Tech support postgraduate studies


Easily the best Mini Microsoft quote of all time:

I need you to be able to write a GC, not be in an unhealthy co-dependent relationship with one.


In a recent (and notably positive) post, Mini discusses the increasing difficulty in finding University hires that can be immediately productive building software at Microsoft.  One solution suggested by Mini is to create a Microsoft Academy, a proposed training program designed to give new product team members the practical knowledge necessary to be more quickly and fully productive in their jobs.

While I think universities are thankfully trending back toward native code programming (I can tell you horror stories about interviewing new CS grads utterly clueless about the most rudimentary aspects of memory management), there is still a clear practical knowledge gap found in that area in between academia and professional software.

Anyhow, I was immediately struck by two thoughts: "hey, that's a pretty good idea" and "Back in my day, we called that Technical Support."

I'm really not that old (I'm 35), but sometimes I feel positively ancient when it comes to how the industry has evolved since I began my professional career.  Back then, when the earth was still cooling and dinosaurs roamed the planet, the industry was a smaller place and it was much more difficult to get a job writing commercial shrink-wrap code directly out of school (at least it was in Silicon Valley, where I started).  Consequently, we gravitated toward what was then considered "entry level" jobs, such as doing technical support or working in quality assurance.

I began my career doing tech support at a little terminal emulation company that built PC software to emulate VT, Tektronix, and X terminals.  After a couple of years, I moved to Borland, where I took a job supporting programming language products, such as the Borland/Turbo C++ and Pascal product lines.  What was cool about that job is that it really taught me to think on my feet.  Pick up the phone and it could be someone trying to write a TSR or maybe building a DPMI app or perhaps writing a Windows app in OWL or a DOS app in Turbo Vision.  And people were often paying by the minute to talk to me, so -- boy howdy -- was it important to give them answers and fast! Apart from learning a lot about a lot of different technologies, the most important thing I learned was how to find answers to programming problems (and, yes, this was before the web put many of the answers at our fingertips).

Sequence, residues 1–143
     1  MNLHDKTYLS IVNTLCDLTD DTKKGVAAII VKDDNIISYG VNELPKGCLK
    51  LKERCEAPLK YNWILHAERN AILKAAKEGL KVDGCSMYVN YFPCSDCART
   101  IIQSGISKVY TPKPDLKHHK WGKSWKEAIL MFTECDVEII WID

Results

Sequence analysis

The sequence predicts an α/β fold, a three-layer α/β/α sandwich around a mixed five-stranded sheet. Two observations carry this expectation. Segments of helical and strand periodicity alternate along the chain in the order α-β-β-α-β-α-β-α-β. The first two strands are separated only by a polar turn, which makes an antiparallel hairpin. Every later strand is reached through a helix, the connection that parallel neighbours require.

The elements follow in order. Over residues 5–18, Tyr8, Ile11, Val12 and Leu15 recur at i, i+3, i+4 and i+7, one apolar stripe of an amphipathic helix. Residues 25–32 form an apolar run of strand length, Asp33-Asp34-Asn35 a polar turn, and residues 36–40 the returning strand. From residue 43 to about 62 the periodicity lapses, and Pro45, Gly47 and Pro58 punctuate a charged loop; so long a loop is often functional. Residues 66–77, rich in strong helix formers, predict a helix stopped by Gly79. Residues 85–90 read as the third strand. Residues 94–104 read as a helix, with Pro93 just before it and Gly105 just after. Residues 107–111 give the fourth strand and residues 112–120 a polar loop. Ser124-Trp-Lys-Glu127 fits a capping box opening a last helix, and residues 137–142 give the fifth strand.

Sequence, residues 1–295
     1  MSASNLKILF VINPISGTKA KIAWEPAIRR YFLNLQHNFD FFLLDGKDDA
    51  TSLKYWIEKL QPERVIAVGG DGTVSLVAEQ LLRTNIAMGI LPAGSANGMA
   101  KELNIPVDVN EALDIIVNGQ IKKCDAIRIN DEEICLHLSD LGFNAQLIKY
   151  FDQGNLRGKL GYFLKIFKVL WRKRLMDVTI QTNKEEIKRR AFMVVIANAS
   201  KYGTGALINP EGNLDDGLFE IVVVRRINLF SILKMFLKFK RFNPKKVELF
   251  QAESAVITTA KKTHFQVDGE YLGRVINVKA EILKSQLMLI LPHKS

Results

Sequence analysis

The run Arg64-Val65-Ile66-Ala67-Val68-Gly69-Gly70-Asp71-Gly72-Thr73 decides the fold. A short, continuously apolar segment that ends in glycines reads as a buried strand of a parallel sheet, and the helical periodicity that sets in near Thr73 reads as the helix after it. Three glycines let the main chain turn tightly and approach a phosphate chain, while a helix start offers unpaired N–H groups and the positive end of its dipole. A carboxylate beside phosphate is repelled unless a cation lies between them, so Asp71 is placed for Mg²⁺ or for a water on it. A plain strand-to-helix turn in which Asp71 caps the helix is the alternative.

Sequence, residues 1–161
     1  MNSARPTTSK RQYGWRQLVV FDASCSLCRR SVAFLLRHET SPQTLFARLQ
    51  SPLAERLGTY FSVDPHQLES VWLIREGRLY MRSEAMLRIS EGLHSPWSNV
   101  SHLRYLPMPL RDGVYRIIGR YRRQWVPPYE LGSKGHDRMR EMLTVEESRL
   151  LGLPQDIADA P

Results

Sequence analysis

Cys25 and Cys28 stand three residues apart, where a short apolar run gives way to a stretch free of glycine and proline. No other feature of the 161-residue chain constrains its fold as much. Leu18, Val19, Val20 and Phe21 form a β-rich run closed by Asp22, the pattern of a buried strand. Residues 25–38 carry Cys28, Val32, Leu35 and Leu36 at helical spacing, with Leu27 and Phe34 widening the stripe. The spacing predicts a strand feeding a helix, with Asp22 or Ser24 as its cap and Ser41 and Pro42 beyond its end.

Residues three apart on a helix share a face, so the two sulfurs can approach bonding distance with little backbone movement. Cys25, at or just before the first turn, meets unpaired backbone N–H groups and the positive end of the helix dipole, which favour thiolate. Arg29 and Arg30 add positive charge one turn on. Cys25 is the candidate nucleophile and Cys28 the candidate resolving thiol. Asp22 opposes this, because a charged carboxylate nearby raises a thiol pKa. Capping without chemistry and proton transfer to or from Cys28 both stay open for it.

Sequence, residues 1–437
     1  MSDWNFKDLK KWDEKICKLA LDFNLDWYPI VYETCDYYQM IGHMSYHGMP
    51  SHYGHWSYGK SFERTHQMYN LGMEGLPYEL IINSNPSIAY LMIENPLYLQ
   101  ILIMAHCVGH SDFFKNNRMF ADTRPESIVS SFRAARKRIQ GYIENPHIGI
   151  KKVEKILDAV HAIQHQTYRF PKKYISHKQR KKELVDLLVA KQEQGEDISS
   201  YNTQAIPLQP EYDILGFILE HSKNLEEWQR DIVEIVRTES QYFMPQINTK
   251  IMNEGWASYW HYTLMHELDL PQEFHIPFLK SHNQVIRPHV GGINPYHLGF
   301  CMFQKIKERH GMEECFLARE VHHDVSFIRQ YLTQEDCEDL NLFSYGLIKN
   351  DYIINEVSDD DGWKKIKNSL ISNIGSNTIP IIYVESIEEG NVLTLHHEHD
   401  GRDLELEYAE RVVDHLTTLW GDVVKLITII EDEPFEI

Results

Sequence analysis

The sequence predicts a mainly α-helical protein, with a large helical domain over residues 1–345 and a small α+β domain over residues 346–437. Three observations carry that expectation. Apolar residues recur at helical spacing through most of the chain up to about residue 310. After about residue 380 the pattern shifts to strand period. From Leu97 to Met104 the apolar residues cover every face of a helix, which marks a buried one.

When I think about the group of folks I worked with in tech support back then, I'm amazed at how much talent we had working in a little old tech support department.  Many of them are today senior engineers, architects, leaders, etc. building great software for great companies.  I  even work with a number of these Borland languages tech support alums here in Microsoft Developer Division today, including Chuck Jazdzewski on the Cider team, Charlie Calvert on the C# team, and Bill Dunlap with me on the VC++ team.

After I moved out of tech support and gained experience writing commercial code, I began to see differences between those of my peers that did a stint in tech support in their career and those that did not.  The tech support veterans seemed to be less apt to being blocked by technology issues, better able to find their own answers to questions, showed a higher level of customer empathy, and tended to be more results-driven, not to mention generally more attractive and affable.  Okay, I'm kidding about the last bit, but it's true that I did see a marked difference between these two populations.  When I became a hiring manager, I found myself looking favorably upon those candidates that did a stint in support, and my bias here usually proved well-founded.

As the industry grew, it became more and more commonplace for people to gain jobs writing commercial code right out of school and tech support became less of a programmer training ground opportunities as tiers and specialization took hold.  However, for some of us, tech support was our programming academy.  So, yes, I'm in favor of the Microsoft Academy.  It would fit a need and fill a gap that isn't well addressed in the industry today.